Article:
In the end I enjoyed my son’s Chanukah party, despite getting ten calls from home on my cell-phone during the hour-long event. My son had a good time too. But while the other parents were admiring the display, I was checking for fire exits. I noticed that the windows in the gan had burglar-proof bars and there’s no way that all of those fathers with the video cameras and the mothers with the high heels, not to mention the grandmothers and the big sisters holding babies (but no toddlers), could get out the door in case of fire.
At the gan party of one of our older children, the construction-paper candle pinned to a girl’s shirt (similar to that in the picture above) caught fire from the real candle she was holding. Fortunately, the girl (and the rest of us) escaped and only her shirt was damaged. It’s madness to let four-year-olds walk around a crowded gan with lit candles. During the party last week, the children placed their unlit candles (tea lights mounted on a decorated CD) on the poster, and the staff lit them afterward. So while I think candles in gan should be banned, we have progress.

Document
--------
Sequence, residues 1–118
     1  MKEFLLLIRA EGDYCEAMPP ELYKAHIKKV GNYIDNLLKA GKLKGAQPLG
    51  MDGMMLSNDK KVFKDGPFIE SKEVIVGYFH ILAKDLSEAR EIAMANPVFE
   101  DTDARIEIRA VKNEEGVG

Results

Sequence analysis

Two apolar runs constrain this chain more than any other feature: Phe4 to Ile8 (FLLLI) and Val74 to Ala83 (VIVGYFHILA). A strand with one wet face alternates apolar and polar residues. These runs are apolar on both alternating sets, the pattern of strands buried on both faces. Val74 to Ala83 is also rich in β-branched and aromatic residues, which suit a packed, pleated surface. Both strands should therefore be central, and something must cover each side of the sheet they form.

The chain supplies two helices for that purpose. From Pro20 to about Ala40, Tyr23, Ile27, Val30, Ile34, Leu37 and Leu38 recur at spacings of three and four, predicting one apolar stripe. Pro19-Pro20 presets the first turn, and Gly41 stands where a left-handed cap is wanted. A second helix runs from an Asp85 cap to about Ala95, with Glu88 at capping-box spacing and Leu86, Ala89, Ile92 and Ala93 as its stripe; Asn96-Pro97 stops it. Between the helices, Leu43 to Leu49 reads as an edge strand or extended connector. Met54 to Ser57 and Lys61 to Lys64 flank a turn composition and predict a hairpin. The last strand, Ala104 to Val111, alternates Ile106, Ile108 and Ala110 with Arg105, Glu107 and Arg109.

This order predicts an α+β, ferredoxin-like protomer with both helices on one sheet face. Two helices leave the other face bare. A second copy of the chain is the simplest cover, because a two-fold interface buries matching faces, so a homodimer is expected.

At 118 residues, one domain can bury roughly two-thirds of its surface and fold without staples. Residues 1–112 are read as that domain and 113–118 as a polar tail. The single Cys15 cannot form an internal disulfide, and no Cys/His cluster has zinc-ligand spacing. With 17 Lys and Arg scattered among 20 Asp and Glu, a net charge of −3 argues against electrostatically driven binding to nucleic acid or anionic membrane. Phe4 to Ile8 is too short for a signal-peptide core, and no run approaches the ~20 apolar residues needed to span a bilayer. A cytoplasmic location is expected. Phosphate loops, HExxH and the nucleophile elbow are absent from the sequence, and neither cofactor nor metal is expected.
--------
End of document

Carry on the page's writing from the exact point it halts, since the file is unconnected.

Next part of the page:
And on a different note, when will Israelis discover the safety pin? They still use straight pins to attach those candles to the kids’ shirts.
(If you’re wondering which kid is mine, look for the cutest one. The post title is from a popular children’s song.)